Data and -omics-driven approaches to understand the heat stress response: the development of scalable tools and methods to drive hypothesis generation
University of Delaware
This dissertation concerns the broad computational challenges that face labs in the -omics era, in the service of addressing a major agricultural goal – adapting the broiler chicken to heat stress. Its contributions span creation of scalable tools to process raw sequencing reads to statistical methods that integrate multi-omics data and produce novel biological insight. I will present the paradigm for an architecture of powered-by-CyVerse tools, which is leveraged to power the tool fRNAkenseq. CyVerse is a pioneering cyberinfrastructure project to make large scale computing and storage resources accessible to domain scientists and provide a way for tools to share data with one another. fRNAkenseq, a platform for comprehensive analysis for RNA-seq from FastQ to differential expression, relies on CyVerse for cloud-based storage, a grid computing approach, and the ability to access the 30,000 reference genomes curated by the powered-by-CyVerse tool CoGe. fRNAkenseq is among the first of its kind in third party software to leverage CyVerse in such a fashion. To move from data to insight we have developed pipelines and strategies to integrate the complex, tissue rich datasets produced from fRNAkenseq with supplementary metabolomics data. From this data, we generate biological hypotheses and models that extend understanding of the regulation of the heat stress response. In particular, these hypotheses provide context for the co-regulation of sulfur, lipid, and sugar metabolism essential to maintaining homeostasis in the face of heat challenge.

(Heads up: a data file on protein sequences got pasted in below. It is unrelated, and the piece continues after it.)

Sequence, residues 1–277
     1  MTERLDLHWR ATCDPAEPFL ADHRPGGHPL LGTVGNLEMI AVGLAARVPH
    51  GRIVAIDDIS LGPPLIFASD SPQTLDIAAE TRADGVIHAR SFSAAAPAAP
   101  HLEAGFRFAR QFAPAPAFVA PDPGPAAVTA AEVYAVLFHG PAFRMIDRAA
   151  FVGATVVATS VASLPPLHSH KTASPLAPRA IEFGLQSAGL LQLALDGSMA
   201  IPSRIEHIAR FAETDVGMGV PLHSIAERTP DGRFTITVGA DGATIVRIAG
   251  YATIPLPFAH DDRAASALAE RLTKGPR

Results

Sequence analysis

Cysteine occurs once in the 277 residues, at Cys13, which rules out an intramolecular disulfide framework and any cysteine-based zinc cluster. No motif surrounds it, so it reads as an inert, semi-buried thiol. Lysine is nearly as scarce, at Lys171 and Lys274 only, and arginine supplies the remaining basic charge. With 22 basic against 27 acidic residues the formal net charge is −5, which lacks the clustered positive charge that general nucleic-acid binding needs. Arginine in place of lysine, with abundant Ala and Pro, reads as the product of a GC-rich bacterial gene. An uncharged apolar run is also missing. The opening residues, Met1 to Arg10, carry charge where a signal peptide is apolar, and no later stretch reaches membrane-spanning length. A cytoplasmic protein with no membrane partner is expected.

Biological sciences, Data, Drive hypothesis generation, Heat stress response, Methods, Omics, Scalable tools